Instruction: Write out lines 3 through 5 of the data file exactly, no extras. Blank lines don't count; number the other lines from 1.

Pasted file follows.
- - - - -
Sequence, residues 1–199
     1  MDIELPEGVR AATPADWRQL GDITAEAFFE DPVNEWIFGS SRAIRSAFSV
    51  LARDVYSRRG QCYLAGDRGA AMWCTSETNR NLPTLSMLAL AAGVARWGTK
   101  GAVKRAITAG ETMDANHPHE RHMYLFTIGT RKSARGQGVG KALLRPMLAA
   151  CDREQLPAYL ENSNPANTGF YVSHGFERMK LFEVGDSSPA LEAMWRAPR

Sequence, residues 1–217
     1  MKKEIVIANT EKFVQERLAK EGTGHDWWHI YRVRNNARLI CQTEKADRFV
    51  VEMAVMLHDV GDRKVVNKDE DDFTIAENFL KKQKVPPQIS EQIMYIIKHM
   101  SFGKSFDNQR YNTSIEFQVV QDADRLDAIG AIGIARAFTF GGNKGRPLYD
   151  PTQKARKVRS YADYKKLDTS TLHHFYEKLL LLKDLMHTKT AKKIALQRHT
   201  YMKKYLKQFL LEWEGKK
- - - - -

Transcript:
    51  LARDVYSRRG QCYLAGDRGA AMWCTSETNR NLPTLSMLAL AAGVARWGTK
   101  GAVKRAITAG ETMDANHPHE RHMYLFTIGT RKSARGQGVG KALLRPMLAA
   151  CDREQLPAYL ENSNPANTGF YVSHGFERMK LFEVGDSSPA LEAMWRAPR